Media is an investment advertisers make in an attempt to get their commercials seen.
An advertiser can look at all his different media buys as his investment portfolio.
Each investment by the advertiser offers the viewer the opportunity to involve themselves in the commercial.
Sometimes they will. Sometimes they won’t.
What determines the actual involvement per opportunity is twofold. Is the commercial relevant to that particular viewer at that particular time? And, is the commercial interesting/entertaining/enticing enough to get the viewer to want to spend time with it?
Let’s call this time spent the involvement per opportunity.
So what the advertiser really has going for him are two portfolios. An investment portfolio and an involvement portfolio.
Currently, most of the attention is on the investment portfolio. How can an advertiser get the most bang for his buck through reach and frequency?
There is little interest in the involvement portfolio – whether people actually paid any attention to the commercial when it ran.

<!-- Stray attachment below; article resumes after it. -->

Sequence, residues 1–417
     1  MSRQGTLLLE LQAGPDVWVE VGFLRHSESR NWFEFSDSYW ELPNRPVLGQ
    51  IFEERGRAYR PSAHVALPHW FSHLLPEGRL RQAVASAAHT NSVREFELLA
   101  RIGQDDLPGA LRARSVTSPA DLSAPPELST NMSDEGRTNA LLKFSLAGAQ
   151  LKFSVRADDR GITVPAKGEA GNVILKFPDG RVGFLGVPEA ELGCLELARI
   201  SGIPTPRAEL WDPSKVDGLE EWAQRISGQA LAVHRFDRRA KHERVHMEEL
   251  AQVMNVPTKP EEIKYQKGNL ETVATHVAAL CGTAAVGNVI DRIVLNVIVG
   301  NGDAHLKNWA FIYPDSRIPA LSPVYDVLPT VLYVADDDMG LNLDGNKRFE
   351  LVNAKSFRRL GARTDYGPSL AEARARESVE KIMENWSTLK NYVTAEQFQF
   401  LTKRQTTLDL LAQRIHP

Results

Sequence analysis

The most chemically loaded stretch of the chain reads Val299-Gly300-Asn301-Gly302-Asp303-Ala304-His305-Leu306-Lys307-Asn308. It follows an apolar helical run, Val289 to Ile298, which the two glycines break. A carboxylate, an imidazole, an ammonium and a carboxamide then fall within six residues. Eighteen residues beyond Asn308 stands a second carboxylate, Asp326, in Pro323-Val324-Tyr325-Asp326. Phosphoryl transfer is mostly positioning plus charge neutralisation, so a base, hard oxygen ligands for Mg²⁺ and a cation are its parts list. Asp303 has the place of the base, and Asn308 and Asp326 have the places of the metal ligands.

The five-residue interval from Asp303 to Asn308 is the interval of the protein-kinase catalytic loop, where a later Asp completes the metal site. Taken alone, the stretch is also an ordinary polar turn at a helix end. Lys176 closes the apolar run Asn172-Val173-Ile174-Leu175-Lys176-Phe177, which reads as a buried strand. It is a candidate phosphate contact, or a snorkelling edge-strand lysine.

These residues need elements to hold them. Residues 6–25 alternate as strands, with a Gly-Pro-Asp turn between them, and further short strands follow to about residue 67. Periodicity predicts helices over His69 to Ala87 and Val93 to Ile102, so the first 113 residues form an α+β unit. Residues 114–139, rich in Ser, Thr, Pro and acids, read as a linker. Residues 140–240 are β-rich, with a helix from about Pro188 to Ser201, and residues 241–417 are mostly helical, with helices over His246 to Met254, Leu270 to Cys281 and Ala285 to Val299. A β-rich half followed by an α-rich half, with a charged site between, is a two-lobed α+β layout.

In other words, advertisers judge their success based on opportunity rather than reality. But just like in the stock market, opportunity is no way to predict eventual results.
Today advertisers can measure the amount of view duration (involvement) their commercials receive from viewers. Is it safe to assume that the higher the involvement the better their media investments will be?
So instead of measuring how many viewers were exposed to the commercial and using that as precursor of success, why not start measuring how long viewers were involved with the commercial?
Without involving viewers in the commercial, it’s difficult to persuade them why one product is better than another.
Look at this way. An advertiser knows exactly how many impressions they will get for their $10M media investment.
What they should be asking is how much involvement did they receive for that same $10M.